I help people sign up for Medicare Part A and Medicare Part B. We go to Medicare.gov and run their medications. I check to make sure their doctors and hospitals are in network for the Medicare Advantage plans. I explain their Medicare eligibility and show All the Medicare supplement plans, Medicare Advantage Plans, and Medicare Part D Plans, but there is much more to being an independent insurance agent who offers Medicare insurance. It is about a long term relationship with my clients. It is more than Medicare supplement plans.
Losing a Medicare Client
I recently lost a couple of clients. They passed away suddenly. I happened to have spoken with one of them a few days before her passing. She had called about some photos she had seem on my personal Facebook page. It is painful when a client dies because I get connect with my clients, especially over time.
More Than Apply for Medicare
The recent loss also reminded me of the nature of my relationship with my Medicare clients. It is a relationship that is meant to last over time. It is more than helping them apply for Medicare. I tell my clients when I enroll them that this is a relationship until “Death do us part.” I will be checking in on them every six months to make sure their plan is working well. I check in especially during Open Enrollment Period when beneficiaries may make changes to their plans. I want to make sure that clients have the best possible plan that fits their needs at the best possible price because we know three things for certain. Medicare will change, the Medicare plans will change, and their needs will change. I want to be on top of those changes for them.
If you want someone who will take care of your Medicare needs over the years, give us a call 402-614-3389.
Delay Medicare Enrollment
Many people work past 65. They continue on with them employer group coverage. They delay Medicare enrollment. At 66+, they wonder what to do about Medicare.
How to Enroll after 65
Here is what to do. Go to Medicare.gov. Click on “Forms, Help, Resources” on the top right. Then click on “Medicare Forms” on the left middle. You will see the enrollment forms in the middle of the page in PDF form. There are two forms: one to enroll in Medicare Part B and a second for your employer to sign off on your coverage. You fill out the enrollment in Part B. Give the second form to your employer. Your employer will verify that you have had health coverage as good as Medicare since you turned 65. They will sign the form. It is important for you to write in the date that you wish your Medicare Part B to start. Give yourself enough time to find a Medicare plan and prescription drug plan. (There are much shorter and restrictive time limits when you have delayed Medicare Part B enrollment.) Drop the forms in the mail or hand deliver them to the local Social Security office.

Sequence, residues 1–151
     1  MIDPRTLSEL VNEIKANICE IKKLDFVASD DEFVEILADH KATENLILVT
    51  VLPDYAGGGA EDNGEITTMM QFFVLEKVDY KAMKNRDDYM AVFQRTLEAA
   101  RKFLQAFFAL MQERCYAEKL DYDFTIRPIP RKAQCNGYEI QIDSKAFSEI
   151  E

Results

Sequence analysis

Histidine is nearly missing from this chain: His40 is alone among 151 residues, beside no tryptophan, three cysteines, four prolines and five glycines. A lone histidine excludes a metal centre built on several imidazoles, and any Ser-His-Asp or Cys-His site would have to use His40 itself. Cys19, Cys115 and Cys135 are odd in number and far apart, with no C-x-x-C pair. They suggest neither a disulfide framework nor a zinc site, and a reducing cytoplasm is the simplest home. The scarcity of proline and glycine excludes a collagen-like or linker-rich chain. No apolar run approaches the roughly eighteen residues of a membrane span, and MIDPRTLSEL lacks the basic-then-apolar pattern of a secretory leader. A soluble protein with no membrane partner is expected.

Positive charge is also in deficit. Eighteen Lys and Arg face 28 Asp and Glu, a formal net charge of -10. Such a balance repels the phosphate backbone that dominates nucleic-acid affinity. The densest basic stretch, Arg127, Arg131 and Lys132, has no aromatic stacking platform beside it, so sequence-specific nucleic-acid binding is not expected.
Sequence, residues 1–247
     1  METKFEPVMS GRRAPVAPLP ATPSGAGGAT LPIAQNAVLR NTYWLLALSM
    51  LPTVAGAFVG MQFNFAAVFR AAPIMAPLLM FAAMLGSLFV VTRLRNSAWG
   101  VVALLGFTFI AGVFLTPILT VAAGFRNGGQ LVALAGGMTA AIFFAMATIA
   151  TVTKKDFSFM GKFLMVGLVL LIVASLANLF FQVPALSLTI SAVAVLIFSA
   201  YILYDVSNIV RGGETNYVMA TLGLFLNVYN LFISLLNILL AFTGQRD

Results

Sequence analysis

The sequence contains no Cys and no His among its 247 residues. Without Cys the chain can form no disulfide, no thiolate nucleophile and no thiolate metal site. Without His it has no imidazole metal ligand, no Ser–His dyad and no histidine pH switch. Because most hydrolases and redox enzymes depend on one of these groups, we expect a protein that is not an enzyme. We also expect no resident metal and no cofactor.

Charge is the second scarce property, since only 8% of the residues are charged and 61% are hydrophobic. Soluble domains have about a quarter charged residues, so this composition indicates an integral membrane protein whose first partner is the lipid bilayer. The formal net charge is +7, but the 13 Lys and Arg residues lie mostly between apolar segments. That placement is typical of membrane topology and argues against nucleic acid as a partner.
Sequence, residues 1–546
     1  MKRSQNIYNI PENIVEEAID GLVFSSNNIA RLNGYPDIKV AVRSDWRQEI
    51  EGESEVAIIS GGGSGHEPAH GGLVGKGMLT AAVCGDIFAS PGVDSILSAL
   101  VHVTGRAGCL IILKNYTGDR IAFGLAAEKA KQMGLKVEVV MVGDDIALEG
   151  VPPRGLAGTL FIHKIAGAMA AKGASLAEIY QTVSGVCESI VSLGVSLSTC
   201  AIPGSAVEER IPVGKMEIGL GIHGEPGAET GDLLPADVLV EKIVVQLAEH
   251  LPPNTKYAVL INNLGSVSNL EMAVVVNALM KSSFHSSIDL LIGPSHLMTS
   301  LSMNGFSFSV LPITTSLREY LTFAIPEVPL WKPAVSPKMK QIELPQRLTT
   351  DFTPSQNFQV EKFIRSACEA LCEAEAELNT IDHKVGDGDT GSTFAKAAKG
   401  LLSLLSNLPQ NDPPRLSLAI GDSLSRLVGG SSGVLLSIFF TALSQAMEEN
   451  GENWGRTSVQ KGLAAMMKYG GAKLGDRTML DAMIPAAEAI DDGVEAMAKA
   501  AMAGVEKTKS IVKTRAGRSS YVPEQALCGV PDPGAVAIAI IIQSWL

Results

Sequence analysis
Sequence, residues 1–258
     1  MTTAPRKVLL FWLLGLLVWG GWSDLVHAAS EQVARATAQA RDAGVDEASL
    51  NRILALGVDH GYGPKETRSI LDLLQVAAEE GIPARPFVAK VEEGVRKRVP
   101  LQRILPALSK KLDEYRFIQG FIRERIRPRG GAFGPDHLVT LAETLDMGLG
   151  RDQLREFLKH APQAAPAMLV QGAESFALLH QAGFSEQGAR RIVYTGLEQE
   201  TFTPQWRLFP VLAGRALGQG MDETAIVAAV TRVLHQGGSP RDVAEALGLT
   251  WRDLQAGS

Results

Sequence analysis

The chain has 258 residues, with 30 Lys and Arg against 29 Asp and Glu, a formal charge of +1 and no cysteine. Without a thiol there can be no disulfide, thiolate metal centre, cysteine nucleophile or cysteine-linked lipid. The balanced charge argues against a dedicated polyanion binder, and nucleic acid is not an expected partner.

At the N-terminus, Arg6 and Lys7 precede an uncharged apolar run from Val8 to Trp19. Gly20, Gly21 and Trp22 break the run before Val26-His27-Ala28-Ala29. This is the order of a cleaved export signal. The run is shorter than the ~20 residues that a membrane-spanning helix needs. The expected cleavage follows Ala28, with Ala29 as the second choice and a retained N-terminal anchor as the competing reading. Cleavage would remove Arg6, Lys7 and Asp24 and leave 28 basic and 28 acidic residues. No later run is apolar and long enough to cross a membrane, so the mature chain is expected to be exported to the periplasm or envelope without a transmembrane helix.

Medicare Employer Enrollment Forms
Why do you want to involve your employer with your enrollment in Medicare Part B? If you do not have your employer verify that you had health coverage from the time you could have enrolled in Medicare until the time you did take Part B, Medicare will assume you did not have creditable coverage and will asset a penalty. The penalty is a 10% increase in Part B premium for every year you did not have coverage. That can be significant over time and completely unnecessary. Delay Medicare enrollment at your own risk. Get the form. Your employer is required to verify. The human resource department will know exactly what to do. It is a very simple matter.
At Omaha Insurance Solutions, we help clients who delay Medicare enrollment all the time. We can get this done quickly and easily. Give us a call 402-614-3389. We can email you the forms, walk you through filling them out, and explain what to do.
A distressed prospective client told me that Medicare did not cover mental health treatment. I stammered a bit because the subject had never come up before, and I was surprised. I said that it did. She had read that it only covered a one time welcome visit to Medicare. I then showed her in the Medicare & You Handbook on pages 40 and 59 where it detailed the coverage. There is the welcome to Medicare screening, an annual screening, and complete medical coverage. She was surprised and relieved there was Medicare mental health care.
Seniors Need Mental Health Care
Mental health is a serious problem in society, and it is growing among seniors. The World Health Organization documents how important among seniors this issue is. Depression is under reported, little recognized, and often an untreated illness; but Medicare mental health cares for beneficiaries with mental health concerns, like depression. It probably does it better than most employer plans do.
Medicare Mental Health Part A
Medicare Part A deals with the hospital. The same rules around hospital deductibles and co-insurance apply to psychiatric hospitals as to other hospitals. There is, however, one difference. Medicare only allows a lifetime amount of 190 days for a stand alone psychiatric hospitals.
Medicare Mental Health Part B
Medicare Part B covers psychiatrists, counselors, treatment groups. Again the same 20% co-insurance applies as to any other Part B doctor visit. If you have a long standing relationship with a psychologists before Medicare, you may keep that relationship going after you go on Medicare if the medical professional takes assignment for Medicare.